Amazon recently made a voluntary decision to ban the use of salary history questions during the employment application process. Why?
The idea is that banning questions about salary history aims to close the gender pay gap. According to the Census Bureau, women make 80% of every dollar a man makes. Many argue that the gender pay gap widens as women and men age. Furthermore, according to payscale.com, “a woman who is asked about her salary history and declines to disclose earns 1.8 percent less than a woman who discloses. If a man declines to disclose, he gets paid 1.2 percent more on average.”
With this in mind, over 20 states have proposed legislation prohibiting salary history questions during the application process. As of now, Florida is not one of them. But employers in Florida should keep in mind that laws can rapidly change at the local and state level. As Fortune Magazine reports, Google, Facebook and Cisco have all been required by California to drop the inquiry into salary history. The first state to pass a ban on salary history questions was Massachusetts in 2016. Oregon, California, and Delaware soon followed.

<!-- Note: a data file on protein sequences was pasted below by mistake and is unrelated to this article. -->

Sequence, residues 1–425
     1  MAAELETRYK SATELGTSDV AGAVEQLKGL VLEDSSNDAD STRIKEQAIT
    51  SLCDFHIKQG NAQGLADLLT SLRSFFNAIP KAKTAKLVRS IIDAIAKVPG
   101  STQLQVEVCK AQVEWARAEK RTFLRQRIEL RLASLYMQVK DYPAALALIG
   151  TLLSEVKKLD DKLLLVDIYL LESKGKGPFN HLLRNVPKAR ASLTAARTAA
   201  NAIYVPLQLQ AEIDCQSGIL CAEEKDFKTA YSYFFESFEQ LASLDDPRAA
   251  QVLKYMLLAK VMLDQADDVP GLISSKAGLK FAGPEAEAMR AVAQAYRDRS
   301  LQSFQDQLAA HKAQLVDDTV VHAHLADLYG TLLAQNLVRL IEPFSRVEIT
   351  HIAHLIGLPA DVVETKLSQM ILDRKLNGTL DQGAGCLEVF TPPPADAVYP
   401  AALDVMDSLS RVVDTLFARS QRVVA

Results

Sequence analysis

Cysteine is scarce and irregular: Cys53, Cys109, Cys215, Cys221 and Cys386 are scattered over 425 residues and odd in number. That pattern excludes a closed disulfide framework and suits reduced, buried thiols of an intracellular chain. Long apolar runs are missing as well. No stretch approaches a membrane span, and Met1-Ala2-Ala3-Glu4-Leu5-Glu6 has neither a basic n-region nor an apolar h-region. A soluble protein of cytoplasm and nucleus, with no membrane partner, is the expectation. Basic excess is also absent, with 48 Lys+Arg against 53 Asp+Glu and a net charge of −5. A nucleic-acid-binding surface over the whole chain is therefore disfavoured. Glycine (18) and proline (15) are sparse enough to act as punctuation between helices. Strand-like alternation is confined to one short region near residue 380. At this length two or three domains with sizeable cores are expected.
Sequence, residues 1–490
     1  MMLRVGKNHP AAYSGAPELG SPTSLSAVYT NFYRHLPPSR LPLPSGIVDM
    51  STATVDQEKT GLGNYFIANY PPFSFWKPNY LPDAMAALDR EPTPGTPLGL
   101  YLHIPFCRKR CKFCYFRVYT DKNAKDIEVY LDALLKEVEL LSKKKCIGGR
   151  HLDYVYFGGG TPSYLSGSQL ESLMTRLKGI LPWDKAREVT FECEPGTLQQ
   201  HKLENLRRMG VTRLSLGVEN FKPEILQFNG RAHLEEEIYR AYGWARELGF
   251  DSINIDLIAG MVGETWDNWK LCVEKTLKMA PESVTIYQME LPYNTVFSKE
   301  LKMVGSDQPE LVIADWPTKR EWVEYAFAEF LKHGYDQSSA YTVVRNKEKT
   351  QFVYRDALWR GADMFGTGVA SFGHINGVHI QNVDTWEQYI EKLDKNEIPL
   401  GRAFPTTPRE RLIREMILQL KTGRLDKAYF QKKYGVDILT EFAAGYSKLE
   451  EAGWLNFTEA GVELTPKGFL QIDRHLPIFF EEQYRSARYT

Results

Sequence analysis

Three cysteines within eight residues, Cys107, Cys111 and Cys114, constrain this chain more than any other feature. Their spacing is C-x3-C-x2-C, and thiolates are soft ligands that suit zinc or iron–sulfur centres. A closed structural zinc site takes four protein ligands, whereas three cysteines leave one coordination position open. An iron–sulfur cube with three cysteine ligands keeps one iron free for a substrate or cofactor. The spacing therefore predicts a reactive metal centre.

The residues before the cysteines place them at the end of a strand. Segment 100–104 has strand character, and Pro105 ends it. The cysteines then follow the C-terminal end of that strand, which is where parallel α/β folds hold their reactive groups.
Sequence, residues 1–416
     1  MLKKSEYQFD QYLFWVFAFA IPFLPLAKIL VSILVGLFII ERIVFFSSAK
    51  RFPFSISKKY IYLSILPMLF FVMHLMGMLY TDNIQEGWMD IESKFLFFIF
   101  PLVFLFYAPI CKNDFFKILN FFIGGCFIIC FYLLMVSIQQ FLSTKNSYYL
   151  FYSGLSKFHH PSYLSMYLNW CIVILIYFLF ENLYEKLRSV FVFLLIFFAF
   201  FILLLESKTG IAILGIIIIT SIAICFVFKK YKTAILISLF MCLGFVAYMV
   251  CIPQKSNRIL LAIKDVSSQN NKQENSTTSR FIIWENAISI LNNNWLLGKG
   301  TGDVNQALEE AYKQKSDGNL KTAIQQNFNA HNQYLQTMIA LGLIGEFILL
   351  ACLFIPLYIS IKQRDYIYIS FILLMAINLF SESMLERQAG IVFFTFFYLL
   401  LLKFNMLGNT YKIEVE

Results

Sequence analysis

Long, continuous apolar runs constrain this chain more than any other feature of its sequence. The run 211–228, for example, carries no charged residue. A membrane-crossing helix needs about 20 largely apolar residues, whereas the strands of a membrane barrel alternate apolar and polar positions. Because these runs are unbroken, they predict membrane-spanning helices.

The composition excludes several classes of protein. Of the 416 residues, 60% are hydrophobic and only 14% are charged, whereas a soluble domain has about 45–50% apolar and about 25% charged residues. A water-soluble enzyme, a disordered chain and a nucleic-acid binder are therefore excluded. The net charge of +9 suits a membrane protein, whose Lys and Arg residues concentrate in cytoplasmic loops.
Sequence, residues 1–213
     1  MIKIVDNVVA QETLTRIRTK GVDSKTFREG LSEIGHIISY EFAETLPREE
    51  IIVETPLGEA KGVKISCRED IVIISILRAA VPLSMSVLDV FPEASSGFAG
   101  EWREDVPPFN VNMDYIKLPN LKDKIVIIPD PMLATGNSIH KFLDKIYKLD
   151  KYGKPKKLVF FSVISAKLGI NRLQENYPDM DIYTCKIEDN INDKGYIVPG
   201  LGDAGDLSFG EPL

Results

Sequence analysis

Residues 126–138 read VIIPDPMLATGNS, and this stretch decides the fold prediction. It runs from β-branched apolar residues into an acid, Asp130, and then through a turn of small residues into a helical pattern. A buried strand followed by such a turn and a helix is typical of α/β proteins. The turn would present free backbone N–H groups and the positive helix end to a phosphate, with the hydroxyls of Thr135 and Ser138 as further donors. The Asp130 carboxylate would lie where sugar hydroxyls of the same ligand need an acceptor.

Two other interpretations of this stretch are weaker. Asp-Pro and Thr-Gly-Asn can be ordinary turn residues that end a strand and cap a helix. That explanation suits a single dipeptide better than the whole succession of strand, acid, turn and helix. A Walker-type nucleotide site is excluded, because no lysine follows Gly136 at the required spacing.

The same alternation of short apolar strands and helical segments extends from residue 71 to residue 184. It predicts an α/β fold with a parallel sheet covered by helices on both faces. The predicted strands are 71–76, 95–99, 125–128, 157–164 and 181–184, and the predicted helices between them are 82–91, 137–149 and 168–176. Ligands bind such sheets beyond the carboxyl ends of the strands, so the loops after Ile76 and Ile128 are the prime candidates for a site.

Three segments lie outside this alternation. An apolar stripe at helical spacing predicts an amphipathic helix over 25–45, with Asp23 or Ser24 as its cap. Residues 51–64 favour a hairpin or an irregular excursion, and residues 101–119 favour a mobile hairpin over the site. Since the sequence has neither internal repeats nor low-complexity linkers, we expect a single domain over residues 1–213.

In a state without a prohibition, should an employer ask the salary history question? Job applicants are generally not comfortable answering this question, so avoiding the salary history question may ease the hiring process. However, each employer must make a business decision on whether salary history will be in its best interest. If a company elects to sidestep the salary history question, it should be prepared to update application forms and train interviewers and managers to avoid salary disclosure questions during interviews.
*Special thanks to Thomas Raine, who assisted in the drafting of this post. Thomas is a second year Juris Doctor Candidate at the University of Miami School of Law.